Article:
Another Clipper who is not averse to physical confrontation is Patrick Beverley, who was playing in his second game since returning from a 12-game absence due to knee soreness. The notoriously aggressive and loud Beverley was ejected from the game with 7:01 remaining in the fourth quarter for a hockey-like check applied to Suns’ point guard Chris Paul as Paul tried to launch a three-quarter court three-pointer. 

Beverley and Paul have some history, but it wasn’t clear if that was Beverley’s motivation for the hard foul. In fact, after the game, Paul, like Leonard, shrugged off questions about the play. 

“I’m worried about me. I play the game,” said Paul. “I knew that he was about to try to take a foul, so I jumped, trying to get a three, try to see if I could get three free throws. It is what it is.”

Clippers forward Marcus Morris was also ejected late in the game, after the outcome had been decided, seemingly from his oversized reaction to a Leonard dunk. (Coincidentally, Morris’s twin brother Markieff, who plays for the Lakers, was also ejected in the fourth quarter of his Thursday night game, a loss to the Miami Heat.)

Rondo Brings the Play AND the Chatter

As the playoffs approach, the Clippers are trying to create a reputation on the defensive end for being tough. Recently, Paul George stated that he wants his team to install “fear” in opponents through aggressive defense and everybody “flying around” the court. One player who is making that ideal a reality is newly acquired point guard Rajon Rondo.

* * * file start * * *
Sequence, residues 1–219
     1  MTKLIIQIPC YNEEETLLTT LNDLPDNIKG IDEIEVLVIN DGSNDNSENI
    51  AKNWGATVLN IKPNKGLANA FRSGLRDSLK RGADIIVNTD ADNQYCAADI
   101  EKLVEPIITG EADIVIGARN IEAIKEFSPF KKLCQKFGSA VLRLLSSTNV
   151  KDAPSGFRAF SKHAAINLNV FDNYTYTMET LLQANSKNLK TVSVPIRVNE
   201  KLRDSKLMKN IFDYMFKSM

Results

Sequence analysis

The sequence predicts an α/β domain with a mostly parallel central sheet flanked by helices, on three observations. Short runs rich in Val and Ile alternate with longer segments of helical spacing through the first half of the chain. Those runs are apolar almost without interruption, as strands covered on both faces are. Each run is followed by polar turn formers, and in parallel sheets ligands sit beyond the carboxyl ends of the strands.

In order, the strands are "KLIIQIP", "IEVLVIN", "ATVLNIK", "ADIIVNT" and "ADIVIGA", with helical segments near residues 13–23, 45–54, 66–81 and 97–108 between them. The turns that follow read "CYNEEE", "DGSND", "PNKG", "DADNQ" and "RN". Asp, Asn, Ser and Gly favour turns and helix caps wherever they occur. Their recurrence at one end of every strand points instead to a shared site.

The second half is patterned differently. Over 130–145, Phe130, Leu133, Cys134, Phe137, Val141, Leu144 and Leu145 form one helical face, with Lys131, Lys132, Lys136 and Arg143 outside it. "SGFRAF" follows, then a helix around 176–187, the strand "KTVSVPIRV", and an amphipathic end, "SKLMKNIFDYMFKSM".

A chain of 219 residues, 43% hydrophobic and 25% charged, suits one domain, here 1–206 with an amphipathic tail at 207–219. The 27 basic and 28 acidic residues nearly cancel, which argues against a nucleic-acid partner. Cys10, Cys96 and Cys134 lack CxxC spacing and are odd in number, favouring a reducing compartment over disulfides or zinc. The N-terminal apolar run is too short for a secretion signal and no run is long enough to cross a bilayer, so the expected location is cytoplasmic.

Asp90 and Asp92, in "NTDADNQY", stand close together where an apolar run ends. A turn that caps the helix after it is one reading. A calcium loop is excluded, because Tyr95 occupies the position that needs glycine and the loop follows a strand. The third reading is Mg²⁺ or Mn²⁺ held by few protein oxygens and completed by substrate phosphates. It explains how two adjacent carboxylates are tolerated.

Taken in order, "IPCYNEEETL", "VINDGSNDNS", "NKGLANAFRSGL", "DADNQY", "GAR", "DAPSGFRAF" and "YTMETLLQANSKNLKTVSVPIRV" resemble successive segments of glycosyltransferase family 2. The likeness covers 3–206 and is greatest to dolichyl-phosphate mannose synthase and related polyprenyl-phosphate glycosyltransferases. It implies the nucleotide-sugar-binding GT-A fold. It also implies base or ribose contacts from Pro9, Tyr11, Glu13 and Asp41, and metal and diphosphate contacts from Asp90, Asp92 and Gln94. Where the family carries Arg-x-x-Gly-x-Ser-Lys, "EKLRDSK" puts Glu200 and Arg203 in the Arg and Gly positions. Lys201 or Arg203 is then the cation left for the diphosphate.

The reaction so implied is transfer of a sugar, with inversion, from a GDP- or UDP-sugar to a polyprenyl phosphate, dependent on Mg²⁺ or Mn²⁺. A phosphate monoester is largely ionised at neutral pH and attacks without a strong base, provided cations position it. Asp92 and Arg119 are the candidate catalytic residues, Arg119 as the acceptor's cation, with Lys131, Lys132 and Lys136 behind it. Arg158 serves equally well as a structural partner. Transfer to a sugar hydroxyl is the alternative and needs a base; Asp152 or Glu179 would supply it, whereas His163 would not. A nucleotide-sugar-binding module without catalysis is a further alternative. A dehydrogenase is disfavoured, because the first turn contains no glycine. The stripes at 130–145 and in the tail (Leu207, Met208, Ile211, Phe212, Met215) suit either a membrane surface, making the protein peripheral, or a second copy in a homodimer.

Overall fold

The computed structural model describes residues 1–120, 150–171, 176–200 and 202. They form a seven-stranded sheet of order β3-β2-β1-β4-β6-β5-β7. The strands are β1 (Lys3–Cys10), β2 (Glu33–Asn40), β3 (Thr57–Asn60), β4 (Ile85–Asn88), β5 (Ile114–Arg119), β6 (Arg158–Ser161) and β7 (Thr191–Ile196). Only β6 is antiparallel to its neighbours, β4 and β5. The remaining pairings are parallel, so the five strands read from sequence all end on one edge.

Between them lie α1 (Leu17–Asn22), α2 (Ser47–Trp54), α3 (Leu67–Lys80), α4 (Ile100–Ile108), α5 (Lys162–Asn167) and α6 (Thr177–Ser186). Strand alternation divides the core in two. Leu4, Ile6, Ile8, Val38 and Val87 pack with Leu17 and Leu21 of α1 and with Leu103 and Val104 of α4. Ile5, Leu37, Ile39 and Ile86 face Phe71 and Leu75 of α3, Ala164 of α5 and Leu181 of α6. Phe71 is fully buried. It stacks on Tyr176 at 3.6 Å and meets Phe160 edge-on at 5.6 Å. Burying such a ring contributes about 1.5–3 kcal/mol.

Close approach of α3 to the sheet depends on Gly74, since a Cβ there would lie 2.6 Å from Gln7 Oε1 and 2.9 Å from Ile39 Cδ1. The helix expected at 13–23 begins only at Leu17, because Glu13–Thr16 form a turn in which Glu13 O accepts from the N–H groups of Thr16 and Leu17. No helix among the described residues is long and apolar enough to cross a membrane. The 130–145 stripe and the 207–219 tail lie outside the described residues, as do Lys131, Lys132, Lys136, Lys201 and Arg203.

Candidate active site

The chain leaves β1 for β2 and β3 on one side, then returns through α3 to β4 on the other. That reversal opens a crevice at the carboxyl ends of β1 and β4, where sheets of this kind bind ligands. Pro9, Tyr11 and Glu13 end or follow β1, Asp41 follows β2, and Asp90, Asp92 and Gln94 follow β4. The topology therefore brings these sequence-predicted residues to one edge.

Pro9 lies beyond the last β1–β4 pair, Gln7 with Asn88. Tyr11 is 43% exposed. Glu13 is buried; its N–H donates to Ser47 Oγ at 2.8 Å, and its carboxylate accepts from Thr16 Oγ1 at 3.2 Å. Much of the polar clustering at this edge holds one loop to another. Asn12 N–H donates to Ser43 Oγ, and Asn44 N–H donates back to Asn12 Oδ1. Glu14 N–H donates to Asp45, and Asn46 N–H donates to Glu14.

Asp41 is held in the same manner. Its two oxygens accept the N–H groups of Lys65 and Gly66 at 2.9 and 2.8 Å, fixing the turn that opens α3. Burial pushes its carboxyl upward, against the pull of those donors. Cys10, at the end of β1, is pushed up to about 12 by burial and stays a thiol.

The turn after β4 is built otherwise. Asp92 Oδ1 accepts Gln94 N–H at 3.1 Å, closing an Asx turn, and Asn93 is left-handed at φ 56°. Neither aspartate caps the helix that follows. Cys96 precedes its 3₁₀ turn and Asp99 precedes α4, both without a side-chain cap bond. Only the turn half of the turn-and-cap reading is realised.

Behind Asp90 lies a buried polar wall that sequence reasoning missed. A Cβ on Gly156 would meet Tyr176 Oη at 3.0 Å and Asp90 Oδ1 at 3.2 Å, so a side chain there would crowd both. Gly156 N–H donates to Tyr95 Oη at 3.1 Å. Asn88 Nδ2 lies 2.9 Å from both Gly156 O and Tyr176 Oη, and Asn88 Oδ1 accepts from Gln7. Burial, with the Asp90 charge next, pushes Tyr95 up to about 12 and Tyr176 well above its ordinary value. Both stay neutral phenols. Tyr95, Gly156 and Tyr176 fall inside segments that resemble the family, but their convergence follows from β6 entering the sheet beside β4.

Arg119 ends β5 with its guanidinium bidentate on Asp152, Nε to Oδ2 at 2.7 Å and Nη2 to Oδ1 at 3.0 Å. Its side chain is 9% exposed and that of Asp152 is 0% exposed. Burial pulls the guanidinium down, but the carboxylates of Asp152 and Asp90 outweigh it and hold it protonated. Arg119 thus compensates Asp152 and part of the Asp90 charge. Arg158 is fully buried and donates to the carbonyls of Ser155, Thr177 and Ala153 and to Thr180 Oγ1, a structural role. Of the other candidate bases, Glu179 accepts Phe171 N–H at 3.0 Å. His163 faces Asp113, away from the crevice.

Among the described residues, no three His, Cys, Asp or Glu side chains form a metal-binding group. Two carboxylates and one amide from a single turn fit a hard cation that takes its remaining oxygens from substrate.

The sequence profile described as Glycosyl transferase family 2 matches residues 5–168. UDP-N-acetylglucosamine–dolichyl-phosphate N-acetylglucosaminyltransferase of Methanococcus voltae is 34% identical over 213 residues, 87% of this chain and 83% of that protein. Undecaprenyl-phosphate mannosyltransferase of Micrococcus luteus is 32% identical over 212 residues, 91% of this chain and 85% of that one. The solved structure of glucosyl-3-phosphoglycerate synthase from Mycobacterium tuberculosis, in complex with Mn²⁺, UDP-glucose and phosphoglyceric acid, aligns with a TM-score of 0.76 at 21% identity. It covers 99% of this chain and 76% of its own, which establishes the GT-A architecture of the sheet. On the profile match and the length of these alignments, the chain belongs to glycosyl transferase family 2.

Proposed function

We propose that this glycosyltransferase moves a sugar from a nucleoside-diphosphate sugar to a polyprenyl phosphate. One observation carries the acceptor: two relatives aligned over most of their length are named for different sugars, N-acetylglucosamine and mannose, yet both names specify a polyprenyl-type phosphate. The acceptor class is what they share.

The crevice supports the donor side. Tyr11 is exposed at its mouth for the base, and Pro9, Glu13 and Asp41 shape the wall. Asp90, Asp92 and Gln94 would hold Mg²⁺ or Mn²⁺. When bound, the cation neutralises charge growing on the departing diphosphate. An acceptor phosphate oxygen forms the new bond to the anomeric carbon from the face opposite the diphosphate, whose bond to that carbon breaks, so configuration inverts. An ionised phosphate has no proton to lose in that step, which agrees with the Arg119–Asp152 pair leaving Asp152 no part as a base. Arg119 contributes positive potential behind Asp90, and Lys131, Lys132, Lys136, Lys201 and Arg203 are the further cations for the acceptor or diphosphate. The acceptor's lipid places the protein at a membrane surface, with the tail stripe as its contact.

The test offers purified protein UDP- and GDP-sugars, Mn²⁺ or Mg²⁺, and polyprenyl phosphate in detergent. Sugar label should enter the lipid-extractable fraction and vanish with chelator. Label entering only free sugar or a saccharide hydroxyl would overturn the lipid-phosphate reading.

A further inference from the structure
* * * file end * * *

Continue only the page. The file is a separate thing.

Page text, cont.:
Rondo, who arrived in L.A. from Atlanta following a trade deadline swap for Lou Williams, was praised by teammates and Lue following the Suns game for his intensity and ability to orchestrate a concerted effort on the defensive end. While Rondo also brought it on offense—scoring 15 points and dishing out nine assists in extended minutes following Beverley’s ejection—his mouth was equally engaged.

“I love to chat a little bit, and they pretty much started in the first half,” said Rondo, who was seen jawing throughout but particularly with Paul after the Suns guard urged him to take a three-pointer late in the fourth quarter, which Rondo nailed. “Other than that, I was just trying to play the game. But sometimes it involves a little bit of chatter.”

While that may be true, Clippers forward Paul George was having none of it, preferring instead to let his play do the talking:

I don’t know what their chirp was about. We focused on us. I don’t care what they’re doing over there. I don’t care who they are or what they’re doing. I’m locked in. They can do the chirping, I let them have it tonight. I just stayed in my zone, stayed in my place. But again, I don’t care what they’re doing, we’re focused on us over here, we’re focused on getting better. Tonight was a fun matchup, and we appreciate the challenge.

George, who is dealing with a persistent toe issue, scored 33 points on the strength of 7-for-9 shooting from three. It was the second straight game he’s gone for more than 30, lighting up Portland for 36 in a win 17-point win Tuesday night.